Speaking of which, I need to go and order some hair clippers. I checked the reviews and user recommendations last night and lost the will to live. More effort required to find the least worst choice.

BinkyTheMagicPaperclip

Re: Buried the lede

Oh you poor sod :(.

Have you thought about cancelling and getting a Unihertz Titan?

I was a Pro-1 backer, thinking of selling it, since I got the Titan I've barely switched it on, and haven't really bothered with the alternate OS yet, should really.

My most recent failure of purchase (and not taking my own advice) was buying an AMD RX Vega 56. I've always thought AMD have substandard engineering/insufficient funding but if you want to run a modern desktop GPU on open source (non Linux) recent Nvidia offerings weren't supported (the situation has improved slightly since, but video decoding is still unsupported).

The 'correct' method here is to have a modern Windows system for gaming with an Nvidia card, and another system with an older Nvidia or known stable AMD card for your non Linux minority OS, but this is several hundred pounds more expense, not just buying a better card.

End result : drivers were crap on Windows for a year and a half, stability mostly achieved 2.5 years into the card's lifetime just as it was being replaced. I'm hoping Intel's new GPUs are a good enough replacement. AMD's driver releases still contain warnings about adaptive sync failures, and the RX57xx series had a very rocky start driver wise. They haven't learned, don't buy AMD GPUs, stick to the CPUs.

BinkyTheMagicPaperclip

Re: Buried the lede

If the 'excellent hardware' has poor drivers, it is not excellent hardware, the two are inextricably linked for the vast majority of purchasers.

Yes, sometimes this means compromising on what you want or paying more to be able to have a reliable product. It also means doing the same as users of minority operating systems have done for ages if they want a working system : don't buy on spec assuming products will 'just work', look at the company's history with support, be prepared to pay for more than the cheapest options.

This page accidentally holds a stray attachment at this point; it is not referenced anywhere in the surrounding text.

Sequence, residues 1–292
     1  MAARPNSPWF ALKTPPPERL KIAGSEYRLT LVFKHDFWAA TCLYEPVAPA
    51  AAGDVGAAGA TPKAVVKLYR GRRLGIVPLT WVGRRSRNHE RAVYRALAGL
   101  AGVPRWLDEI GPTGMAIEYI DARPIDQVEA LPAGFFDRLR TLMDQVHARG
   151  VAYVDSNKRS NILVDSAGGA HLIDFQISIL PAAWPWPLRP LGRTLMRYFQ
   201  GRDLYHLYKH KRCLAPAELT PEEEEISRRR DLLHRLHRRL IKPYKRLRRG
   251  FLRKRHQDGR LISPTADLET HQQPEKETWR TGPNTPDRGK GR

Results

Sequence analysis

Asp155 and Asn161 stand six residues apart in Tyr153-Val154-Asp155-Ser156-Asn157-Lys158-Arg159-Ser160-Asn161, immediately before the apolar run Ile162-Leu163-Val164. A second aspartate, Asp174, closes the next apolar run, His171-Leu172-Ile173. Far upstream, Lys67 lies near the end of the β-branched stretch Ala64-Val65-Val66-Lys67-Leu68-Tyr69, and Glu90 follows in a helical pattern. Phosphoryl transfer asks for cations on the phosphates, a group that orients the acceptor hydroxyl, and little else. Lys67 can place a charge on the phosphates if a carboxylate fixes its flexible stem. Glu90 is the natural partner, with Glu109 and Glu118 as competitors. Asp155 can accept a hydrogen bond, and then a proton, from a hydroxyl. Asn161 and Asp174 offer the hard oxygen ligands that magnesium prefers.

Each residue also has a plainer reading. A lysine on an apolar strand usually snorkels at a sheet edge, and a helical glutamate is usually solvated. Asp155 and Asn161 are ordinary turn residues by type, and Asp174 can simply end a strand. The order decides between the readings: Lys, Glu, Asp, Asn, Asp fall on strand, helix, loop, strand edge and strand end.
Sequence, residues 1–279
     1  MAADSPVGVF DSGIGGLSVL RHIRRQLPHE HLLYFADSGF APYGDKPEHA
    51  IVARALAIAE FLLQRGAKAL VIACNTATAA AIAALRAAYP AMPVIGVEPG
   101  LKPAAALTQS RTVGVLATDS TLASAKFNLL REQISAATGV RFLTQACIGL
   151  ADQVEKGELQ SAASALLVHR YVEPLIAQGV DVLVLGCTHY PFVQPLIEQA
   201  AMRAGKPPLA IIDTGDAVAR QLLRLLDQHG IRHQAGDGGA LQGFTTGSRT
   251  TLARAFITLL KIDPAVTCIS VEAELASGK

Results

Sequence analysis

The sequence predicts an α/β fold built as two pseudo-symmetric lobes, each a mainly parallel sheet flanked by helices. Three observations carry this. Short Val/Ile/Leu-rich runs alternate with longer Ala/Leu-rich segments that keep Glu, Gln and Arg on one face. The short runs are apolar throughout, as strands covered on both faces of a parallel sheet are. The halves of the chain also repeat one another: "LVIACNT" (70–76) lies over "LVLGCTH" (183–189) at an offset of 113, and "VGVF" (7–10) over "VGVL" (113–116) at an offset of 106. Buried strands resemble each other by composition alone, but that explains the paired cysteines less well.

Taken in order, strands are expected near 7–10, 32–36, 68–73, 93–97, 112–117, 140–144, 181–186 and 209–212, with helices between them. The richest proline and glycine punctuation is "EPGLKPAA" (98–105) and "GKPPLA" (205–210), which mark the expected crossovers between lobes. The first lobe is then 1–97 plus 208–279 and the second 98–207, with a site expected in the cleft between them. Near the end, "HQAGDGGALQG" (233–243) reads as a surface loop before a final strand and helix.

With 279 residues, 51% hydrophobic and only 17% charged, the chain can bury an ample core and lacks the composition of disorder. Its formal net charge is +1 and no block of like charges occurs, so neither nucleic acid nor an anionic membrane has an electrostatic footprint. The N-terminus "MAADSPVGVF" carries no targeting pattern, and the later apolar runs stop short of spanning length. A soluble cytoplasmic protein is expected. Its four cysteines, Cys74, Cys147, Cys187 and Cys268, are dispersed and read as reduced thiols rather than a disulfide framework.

Much though I'd like to trash companies for selling an image rather than quality, there is a non linear relationship between price and quality. If you pay more for a smartphone you'll receive higher quality components up to a certain point. Beyond that there are also issues with economies of scale and company size. Especially in the mobile world, the smaller manufacturers simply don't have access to the same components as the major players as all the supply is funneled to the largest market.

BinkyTheMagicPaperclip

Re: Buried the lede

Using a computer and going online *is* as routine as driving your own car, it's several orders of magnitude easier than it was in the 1980s.

If your real question is either :

why are applications a bit crap?

why do device drivers for your printer/other device suck?

The answer is

1) Users don't want to pay for one that's any good

2) The business isn't willing to pay to produce something decent

3) The number of people willing to fight for things such as right to repair is too low, allowing unscrupulous companies (hey Apple!) to abuse their position.

In the early 80 to early nineties :

Computers were expensive

Connectivity was pricey and difficult to configure, regardless of if it was a modem or network

Word processors suitable for business were five hundred quid a copy